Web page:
Avatar Trials: Ninja Uprising (80 MSP) spurred some internal debate. On the one hand (my right, the less dominant and more forgiving), I know that the game was made and released by undergraduate students from the University of Utah. It’s their first project as a team. On the other hand (my left, the brash, the lout, therefore the one in charge), I had to remind myself that none of that matters. Feelings aside, rookie outing or not, everything has to come back to the gameplay.
Starring your avatar, the game is entirely about parkour, freerunning a series of platforms and jumps, in time-trial format, strung together by small annoyances. Mirror’s Edge is a quoted inspiration. It’s a good choice to look up to (and a game I definitely enjoyed), primarily because the movement, your movement, always felt solid and sure-footed, despite the fact that it was first-person and you never really saw your character. Your avatar is always visible in Avatar Trials (and I do have to give credit to the mostly-great camera work), though the controls are never as solid or fluid. As is, they merely suffice, while still managing to feel loose and unreliable when you need them the most (i.e., matters of life and death, i.e., when a flawless run is the only way you pass).
Those times are typically the bulk of the game’s three levels. The ‘Beginner’ stage eases you into heartbreak, employing ‘catch basins’ at the bottom of all the major jumps, preventing you from losing your place. Strangely, you can wall-run through most of the level, skipping the tutorial bits. The ‘Ninja’ stage is a more advanced run, adding the risk of death (and restart; there are no checkpoints), while the ‘Impossible’ level is just that, nigh impossible, at least from the viewpoint of sanity. Every time you panic or your avatar misses its mark even slightly (small platforms are not conducive to the character’s quick speed), the inevitable tumble resets your progress. Part of the allure is the sense of accomplishment after a tough run, I get it, though you should never feel like you’re fighting the controls for, well, control.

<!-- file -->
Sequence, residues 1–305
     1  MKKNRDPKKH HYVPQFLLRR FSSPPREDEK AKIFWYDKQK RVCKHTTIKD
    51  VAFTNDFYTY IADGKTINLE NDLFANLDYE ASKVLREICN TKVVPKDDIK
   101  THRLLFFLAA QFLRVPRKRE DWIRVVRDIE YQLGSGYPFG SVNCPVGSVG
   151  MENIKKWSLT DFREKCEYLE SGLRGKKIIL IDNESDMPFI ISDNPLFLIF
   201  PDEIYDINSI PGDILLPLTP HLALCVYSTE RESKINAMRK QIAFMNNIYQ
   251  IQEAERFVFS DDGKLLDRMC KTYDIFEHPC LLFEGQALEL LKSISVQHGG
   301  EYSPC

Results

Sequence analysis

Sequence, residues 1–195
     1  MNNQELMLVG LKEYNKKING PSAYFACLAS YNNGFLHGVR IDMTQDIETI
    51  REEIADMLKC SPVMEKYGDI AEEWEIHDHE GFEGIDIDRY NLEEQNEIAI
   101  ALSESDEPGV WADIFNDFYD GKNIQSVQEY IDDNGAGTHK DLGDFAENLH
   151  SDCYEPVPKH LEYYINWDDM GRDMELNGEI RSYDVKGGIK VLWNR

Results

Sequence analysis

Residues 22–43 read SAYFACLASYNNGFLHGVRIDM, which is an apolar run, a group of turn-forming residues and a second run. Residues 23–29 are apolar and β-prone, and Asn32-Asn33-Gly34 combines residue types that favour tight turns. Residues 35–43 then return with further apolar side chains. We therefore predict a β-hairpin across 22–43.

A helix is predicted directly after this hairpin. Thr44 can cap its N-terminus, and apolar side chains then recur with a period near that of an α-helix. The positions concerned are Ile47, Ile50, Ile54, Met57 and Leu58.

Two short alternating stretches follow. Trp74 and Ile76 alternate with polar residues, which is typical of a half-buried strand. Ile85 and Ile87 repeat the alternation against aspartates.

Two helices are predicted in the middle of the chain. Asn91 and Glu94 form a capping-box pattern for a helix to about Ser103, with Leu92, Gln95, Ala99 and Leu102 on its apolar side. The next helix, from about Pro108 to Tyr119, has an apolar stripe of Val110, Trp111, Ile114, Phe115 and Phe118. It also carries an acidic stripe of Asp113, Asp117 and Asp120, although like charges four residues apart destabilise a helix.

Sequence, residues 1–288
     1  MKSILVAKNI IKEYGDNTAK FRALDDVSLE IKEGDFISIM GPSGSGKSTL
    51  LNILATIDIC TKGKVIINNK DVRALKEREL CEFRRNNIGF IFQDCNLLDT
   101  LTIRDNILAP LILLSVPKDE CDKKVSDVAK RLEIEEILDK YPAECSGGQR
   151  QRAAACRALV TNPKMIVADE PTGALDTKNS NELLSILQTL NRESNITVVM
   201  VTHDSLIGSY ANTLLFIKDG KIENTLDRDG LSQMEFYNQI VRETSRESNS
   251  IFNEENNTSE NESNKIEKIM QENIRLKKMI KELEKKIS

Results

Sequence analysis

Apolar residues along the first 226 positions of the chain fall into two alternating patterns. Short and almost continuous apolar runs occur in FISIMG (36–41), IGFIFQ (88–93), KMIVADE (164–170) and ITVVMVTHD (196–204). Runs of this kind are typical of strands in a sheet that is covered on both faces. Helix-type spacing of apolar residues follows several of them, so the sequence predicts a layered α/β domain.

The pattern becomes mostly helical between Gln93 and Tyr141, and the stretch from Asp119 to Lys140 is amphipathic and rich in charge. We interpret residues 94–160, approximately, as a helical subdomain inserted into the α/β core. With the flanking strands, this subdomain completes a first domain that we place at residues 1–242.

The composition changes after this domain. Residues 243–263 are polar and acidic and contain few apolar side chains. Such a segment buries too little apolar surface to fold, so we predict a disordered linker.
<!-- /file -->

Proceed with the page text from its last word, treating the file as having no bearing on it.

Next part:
There are other quirks, graphically and within the environment. The landscape can be uneven, with sometimes very generous, very transparent edges on the ground, and platform edge inconsistencies (I found myself invisibly ‘attached’ to platforms a few times). Add to this floating fires, being able to grip certain ledges but not climb them or otherwise move around, and one very mean-spirited dragon mascot.
Each failure and restart is followed up with odd motivational quips / put-downs like ‘You smell worse than burnt rabbit hair.’, and ‘You’re a catastrophic success.’ My personal hygiene is one thing, certainly subjective, but how should I even respond to something like that last one? Are you saying that I’m so successful that I ruin the possibility for anyone else to be successful? …Thanks?
Underhanded compliments notwithstanding, it’s the ubiquitous sticking points and subsequent restarts that will stretch the patience of any would-be avatar ninja. Avatar Trials: Ninja Uprising looks and plays like a student project, bottom line. Adequate, yes, but it’s missing the necessary polish and airtight controls a platformer like this demands. I can see and appreciate the effort, though that shouldn’t shield it from criticism, especially when money exchanges hands. Everything’s a learning experience, guys, so take some friendly advice: Never create or release something that isn’t all it can be. Refine, refine, refine.